(back) Subject: Re: St. Thomas, NYC From: "Jim Saenger" <chamade@Early.COM> Date: Sat, 31 Jan 98 20:01:41 PST   bad taste then, bad taste now. Affectation sells to those who will buy And always has   ---------- > In a message dated 98-01-30 23:19:24 EST, you write: > > << There is a 32' Quintaton in the Grand Choeur, also available on the > Pedal, >> > > There is currently (and for the past many years) a 32' Montre on the Grand > Choeur, which is also available in the Pedal as well. And what a beauty it > is! > > Scott Foppiano > > "Pipe Up and Be Heard!" > PipeChat: A discussion List for pipe/digital organs & related topics > HOMEPAGE : http://www.pipechat.org > List: mailto:pipechat@pipechat.org > Administration: mailto:admin@pipechat.org > Subscribe/Unsubscribe: mailto:requests@pipechat.org > >      
(back) Subject: Re: Percy Fletcher From: "Karl E. Moyer" <kmoyer@marauder.millersv.edu> Date: Sat, 31 Jan 1998 21:39:30 -0500 (EST)     12 Dec 1879, Derby - 10 Sept 1932, London.   A British organist, conductor, composer. Went to London to conduct in theatres, 1899. Wrote in light style with pleasant melodies.   He wrote a passion setting; anyoen know it? Available in print?   I suppose his two best-known organ pieces:   Fountain Reverie Festival Toccata--which you hear every so often.   I think I'll get out the toccata and play it one of these times again. In fact, one could make up brass parts to this piece ala the brass parts added to the toccata from Symph 5 of Widor!! (Hey!! There's my Transfiguration Sunday prelude!!!) Cordially, Karl E. Moyer Lancaster PA On Sat, 31 Jan 1998 Giwro@aol.com wrote:   > My organist is plaing a piece by Percy Fletcher this Sunday - anyone out there > have information about this composer? > > Jonathan Orwig > Minister of Music > Bethany Church > > "Pipe Up and Be Heard!" > PipeChat: A discussion List for pipe/digital organs & related topics > HOMEPAGE : http://www.pipechat.org > List: mailto:pipechat@pipechat.org > Administration: mailto:admin@pipechat.org > Subscribe/Unsubscribe: mailto:requests@pipechat.org > >    
(back) Subject: Re: Tom Hazelton On NPR Tonight From: Kevin Cartwright <kevin1@alaweb.com> Date: Sat, 31 Jan 1998 21:33:36 -0600   > I listened to the program which is repeated on many stations. > Tom Hazleton performed three pieces and had a short interview. > > It was good to hear the WurliTzer on the radio. > > Stan   Ditto. I was glad to hear a theatre organ on the air, and since the show was live, it was at 5:00 EST here, so I got the mail about 12 minutes before it aired. However, listening for two hours, and only hearing about 5 minutes worth of theatre organ (especially since it was RIGHT THERE IN THE THEATRE the whole time), upset me a little bit. I have a "so-so" LP of somebody playing "Oldies on the Mighty Wurlitzer," so I still need my 'fix.' Maybe I can get that fix tomorrow (Sunday 1st) on Pipe Dreams. I have to get up at 6:30 a.m. EST, but ITS WORTH IT, unlike listening to all that other stuff waiting for another organ piece on the show (and then there was only one more to come). Did anyone notice the organ playing for one of those fake adds? Nothing special, but I guess it's worth something.   Doped up on cold medicine,   Kevin C. kevin1@alaweb.com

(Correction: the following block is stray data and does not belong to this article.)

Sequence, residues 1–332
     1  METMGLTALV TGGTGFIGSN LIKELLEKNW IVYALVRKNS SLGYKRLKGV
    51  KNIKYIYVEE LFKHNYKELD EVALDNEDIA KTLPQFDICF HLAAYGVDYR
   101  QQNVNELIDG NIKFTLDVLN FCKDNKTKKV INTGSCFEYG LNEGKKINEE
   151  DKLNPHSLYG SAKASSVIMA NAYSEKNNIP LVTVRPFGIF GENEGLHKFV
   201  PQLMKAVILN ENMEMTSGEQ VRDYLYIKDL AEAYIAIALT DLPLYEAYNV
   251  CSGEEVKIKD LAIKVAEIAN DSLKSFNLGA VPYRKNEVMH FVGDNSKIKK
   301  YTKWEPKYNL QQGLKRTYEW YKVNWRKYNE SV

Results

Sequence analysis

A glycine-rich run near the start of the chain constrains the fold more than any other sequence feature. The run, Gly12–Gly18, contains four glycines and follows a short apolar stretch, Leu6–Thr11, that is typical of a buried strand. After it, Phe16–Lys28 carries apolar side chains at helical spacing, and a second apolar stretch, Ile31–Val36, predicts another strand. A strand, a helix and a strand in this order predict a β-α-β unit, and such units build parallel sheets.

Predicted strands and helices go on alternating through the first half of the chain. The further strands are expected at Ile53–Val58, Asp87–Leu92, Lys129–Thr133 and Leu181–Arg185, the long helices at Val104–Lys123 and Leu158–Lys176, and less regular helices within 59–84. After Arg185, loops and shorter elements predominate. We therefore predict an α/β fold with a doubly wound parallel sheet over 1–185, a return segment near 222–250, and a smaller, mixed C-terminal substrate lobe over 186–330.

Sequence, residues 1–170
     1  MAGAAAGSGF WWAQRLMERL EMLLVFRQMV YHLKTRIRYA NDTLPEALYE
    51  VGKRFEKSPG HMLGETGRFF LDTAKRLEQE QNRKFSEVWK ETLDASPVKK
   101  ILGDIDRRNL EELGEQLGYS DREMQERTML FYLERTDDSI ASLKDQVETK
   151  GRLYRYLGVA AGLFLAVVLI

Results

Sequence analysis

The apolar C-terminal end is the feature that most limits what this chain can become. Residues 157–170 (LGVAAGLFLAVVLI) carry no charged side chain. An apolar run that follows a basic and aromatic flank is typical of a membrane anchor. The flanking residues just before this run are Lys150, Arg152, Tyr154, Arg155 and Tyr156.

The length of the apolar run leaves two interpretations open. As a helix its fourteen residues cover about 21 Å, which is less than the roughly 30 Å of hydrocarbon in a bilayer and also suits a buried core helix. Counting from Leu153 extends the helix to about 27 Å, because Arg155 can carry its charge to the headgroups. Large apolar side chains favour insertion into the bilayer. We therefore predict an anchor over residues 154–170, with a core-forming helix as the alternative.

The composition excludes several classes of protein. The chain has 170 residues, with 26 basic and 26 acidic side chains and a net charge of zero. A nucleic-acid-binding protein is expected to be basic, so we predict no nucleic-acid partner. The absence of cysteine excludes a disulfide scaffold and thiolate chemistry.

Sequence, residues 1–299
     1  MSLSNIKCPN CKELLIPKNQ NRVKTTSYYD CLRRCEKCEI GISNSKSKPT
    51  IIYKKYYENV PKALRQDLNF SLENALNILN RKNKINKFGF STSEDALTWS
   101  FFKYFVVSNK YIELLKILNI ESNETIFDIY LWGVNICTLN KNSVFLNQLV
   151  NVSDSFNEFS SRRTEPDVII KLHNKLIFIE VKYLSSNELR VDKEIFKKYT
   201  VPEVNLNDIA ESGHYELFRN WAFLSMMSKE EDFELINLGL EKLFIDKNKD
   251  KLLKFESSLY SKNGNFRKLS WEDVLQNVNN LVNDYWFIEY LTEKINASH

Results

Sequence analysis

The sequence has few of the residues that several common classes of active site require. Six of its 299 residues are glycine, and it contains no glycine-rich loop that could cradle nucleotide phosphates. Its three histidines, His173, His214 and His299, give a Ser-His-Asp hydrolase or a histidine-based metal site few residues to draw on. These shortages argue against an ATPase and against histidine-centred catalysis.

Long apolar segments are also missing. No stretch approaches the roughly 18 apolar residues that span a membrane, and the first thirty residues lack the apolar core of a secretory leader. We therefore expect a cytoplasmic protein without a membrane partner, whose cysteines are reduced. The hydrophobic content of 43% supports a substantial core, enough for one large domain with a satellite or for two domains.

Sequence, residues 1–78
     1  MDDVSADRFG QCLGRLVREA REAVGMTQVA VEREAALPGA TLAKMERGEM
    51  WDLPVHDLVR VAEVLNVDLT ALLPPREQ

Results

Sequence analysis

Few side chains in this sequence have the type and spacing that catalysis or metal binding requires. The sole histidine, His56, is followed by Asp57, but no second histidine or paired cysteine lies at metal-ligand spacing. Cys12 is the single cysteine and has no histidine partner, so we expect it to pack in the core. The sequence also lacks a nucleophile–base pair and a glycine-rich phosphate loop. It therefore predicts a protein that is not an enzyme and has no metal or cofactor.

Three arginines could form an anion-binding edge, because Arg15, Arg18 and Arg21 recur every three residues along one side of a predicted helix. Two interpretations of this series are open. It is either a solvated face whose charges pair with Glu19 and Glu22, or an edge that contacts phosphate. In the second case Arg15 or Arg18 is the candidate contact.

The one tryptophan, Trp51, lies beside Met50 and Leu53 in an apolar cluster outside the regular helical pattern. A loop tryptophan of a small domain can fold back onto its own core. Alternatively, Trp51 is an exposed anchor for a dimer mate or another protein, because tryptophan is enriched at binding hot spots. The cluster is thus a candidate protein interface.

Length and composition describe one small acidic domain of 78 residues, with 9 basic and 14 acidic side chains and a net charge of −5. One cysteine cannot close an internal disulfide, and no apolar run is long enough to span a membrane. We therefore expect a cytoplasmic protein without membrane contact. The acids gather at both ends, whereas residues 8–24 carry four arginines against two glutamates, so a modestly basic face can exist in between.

(back) Subject: Re: George Bozeman From: cremona84000@webtv.net (bruce cornely) Date: Sat, 31 Jan 1998 23:34:37 -0500   George Bozeman is at: <gbozeman@compuserve.com>   bruce cornely o o o __________ o o o ago (dean) ohs o o __________ o o  
(back) Subject: Re: Tom Hazelton On NPR Tonight From: "o\r fiol" <fiol@bway.net> Date: Sun, 01 Feb 1998 02:25:19 -0600   A Prairee Home Companion is usually repeated on Sunday afternoons or evenings. In New York, it runs on WNYC A.M. 820 at 11 a.m. It's A.m. and mono, but when you've missed it, it does just fine.